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Weeks after giving Carter his tapes, Kristofferson landed a helicopter in Cash's front yard, gaining his full attention.

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Kris Kristofferson was successful as a performer following Johnny Cash's introduction of him at the Newport Folk Festival.

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In 1972, Kristofferson appeared with Rita Coolidge on British TV on BBC's The Old Grey Whistle Test, performing a physically intimate version of "Help Me Make It Through the Night".

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At the peak of his box office power, Kristofferson turned down William Friedkin's Sorcerer and the romantic war film Hanover Street .

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In 1987, Kristofferson starred in the seven-episode TV series Amerika with Robert Urich and Christine Lahti.

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Kris Kristofferson reprised the role in Blade II and again in Blade: Trinity .

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Kris Kristofferson was then in the 2001 Tim Burton version of Planet of the Apes.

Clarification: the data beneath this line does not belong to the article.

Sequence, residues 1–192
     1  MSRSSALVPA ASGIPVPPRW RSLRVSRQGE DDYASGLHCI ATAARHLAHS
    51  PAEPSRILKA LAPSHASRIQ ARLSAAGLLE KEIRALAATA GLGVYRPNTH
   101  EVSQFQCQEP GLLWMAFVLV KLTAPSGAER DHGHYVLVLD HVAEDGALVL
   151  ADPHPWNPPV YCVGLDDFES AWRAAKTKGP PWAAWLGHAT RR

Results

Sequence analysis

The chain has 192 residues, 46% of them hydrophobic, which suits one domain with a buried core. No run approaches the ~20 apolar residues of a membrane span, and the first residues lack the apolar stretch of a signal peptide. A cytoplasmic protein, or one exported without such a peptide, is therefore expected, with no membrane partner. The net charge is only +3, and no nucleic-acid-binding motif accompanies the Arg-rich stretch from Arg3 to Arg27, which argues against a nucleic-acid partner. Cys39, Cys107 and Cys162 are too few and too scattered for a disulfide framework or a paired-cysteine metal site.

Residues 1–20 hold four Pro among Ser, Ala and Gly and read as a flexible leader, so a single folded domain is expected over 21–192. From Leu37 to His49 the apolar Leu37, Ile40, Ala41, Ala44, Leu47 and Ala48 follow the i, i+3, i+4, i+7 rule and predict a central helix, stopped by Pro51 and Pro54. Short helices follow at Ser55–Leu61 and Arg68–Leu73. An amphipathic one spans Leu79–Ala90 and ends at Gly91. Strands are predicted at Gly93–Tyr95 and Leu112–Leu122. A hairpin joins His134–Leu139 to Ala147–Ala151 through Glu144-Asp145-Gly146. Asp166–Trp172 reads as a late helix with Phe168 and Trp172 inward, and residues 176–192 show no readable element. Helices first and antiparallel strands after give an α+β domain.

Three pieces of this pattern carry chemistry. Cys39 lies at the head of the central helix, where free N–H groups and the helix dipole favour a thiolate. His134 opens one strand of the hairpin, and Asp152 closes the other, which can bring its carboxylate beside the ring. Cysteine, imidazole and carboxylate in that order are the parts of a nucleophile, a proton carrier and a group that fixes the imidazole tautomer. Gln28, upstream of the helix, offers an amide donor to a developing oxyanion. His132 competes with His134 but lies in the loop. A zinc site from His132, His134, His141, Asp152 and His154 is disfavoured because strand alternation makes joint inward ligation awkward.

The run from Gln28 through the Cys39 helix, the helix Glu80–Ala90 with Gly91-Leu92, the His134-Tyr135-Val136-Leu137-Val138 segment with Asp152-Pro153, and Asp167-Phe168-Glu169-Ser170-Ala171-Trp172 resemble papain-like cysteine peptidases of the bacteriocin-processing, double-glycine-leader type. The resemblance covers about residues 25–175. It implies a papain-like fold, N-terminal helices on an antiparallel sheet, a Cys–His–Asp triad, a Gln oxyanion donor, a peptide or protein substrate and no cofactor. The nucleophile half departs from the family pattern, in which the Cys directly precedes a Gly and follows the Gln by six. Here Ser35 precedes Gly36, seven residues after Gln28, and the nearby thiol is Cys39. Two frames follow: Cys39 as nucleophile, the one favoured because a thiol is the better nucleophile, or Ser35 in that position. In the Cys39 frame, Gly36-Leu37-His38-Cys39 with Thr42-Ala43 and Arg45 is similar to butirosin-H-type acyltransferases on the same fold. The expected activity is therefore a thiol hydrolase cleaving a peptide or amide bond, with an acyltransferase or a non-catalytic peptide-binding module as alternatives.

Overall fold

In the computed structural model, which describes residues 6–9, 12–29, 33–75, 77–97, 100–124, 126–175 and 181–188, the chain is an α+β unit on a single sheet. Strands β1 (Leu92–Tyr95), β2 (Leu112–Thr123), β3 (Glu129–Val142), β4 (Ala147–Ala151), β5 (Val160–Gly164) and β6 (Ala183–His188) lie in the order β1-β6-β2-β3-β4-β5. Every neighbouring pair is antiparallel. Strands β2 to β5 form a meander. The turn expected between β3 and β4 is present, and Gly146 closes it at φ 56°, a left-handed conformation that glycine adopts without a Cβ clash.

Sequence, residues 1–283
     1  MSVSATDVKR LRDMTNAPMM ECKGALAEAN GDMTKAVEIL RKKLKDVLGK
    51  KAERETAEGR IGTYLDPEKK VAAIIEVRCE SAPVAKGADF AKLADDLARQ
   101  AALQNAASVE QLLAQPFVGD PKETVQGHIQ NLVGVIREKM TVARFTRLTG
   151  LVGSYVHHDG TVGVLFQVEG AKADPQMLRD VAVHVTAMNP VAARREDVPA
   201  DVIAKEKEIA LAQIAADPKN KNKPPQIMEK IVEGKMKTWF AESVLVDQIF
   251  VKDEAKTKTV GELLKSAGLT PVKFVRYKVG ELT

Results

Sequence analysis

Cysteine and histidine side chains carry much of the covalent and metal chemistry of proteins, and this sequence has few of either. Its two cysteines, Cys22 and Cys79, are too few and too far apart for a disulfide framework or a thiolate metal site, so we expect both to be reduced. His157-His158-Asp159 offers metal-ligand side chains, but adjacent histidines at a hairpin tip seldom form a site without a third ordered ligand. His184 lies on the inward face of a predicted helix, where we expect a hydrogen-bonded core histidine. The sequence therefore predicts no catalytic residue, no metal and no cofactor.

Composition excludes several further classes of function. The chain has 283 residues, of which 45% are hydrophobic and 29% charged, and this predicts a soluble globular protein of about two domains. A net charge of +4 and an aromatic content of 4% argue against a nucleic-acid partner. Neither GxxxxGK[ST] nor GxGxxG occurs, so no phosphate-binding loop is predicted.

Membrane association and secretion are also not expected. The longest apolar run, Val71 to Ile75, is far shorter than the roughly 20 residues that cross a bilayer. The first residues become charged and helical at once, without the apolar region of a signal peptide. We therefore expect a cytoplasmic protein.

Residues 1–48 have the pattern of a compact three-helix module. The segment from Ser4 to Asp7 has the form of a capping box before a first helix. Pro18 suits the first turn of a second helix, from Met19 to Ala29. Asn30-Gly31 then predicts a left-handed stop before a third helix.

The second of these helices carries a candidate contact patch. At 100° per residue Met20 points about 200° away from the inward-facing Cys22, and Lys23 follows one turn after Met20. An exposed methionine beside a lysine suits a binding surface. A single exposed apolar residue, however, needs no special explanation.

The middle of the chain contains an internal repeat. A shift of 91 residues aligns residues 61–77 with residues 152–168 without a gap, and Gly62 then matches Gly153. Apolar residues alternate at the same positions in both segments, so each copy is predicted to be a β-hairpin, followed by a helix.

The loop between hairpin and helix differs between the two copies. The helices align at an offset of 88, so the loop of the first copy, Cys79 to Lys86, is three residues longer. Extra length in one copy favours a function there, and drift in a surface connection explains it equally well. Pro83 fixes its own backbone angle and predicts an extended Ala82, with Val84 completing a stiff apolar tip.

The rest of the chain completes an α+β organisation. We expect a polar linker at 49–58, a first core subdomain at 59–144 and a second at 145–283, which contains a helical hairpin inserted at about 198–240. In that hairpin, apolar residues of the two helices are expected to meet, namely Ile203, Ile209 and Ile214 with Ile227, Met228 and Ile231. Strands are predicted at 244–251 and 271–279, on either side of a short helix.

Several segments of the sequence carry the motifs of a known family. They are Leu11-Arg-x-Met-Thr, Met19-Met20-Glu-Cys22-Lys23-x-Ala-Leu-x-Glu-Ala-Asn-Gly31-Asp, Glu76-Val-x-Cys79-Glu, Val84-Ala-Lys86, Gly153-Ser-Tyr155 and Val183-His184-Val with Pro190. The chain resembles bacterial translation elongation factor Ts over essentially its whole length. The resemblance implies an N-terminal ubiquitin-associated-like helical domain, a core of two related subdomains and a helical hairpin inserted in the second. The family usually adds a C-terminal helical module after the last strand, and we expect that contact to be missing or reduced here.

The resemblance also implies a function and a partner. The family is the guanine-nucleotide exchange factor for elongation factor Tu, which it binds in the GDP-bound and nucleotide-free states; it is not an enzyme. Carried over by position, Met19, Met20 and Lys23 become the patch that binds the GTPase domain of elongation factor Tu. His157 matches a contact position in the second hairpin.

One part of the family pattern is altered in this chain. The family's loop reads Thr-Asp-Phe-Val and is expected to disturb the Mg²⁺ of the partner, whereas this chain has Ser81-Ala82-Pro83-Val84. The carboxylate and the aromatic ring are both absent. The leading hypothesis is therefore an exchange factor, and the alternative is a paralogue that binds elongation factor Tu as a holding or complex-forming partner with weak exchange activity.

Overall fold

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Kris Kristofferson has played the title character "Yohan" as an old man in the Norwegian film Yohan—the Children Wanderer.

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Kris Kristofferson co-starred in the 2011 film Dolphin Tale and its 2014 sequel, Dolphin Tale 2.

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In 2012, Kristofferson was in Joyful Noise with longtime friend Dolly Parton.

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In 2013, Kristofferson co-starred in The Motel Life, as well as Angels Sing with Willie Nelson and Lyle Lovett.

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In 2006, Kristofferson starred with Genevieve Bujold in the film Disappearances about whiskey running from Quebec to the US during the Great Depression.

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Kris Kristofferson's performance is captured on Ernesto Juan Castellanos's documentary Havana Jam '79.

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In 1982, Kristofferson joined Willie Nelson, Dolly Parton and Brenda Lee on The Winning Hand, a double album consisting of remastered and updated performances of recordings the four artists had made for the Monument label during the mid-1960s; the album reached the top ten on the U S country album charts.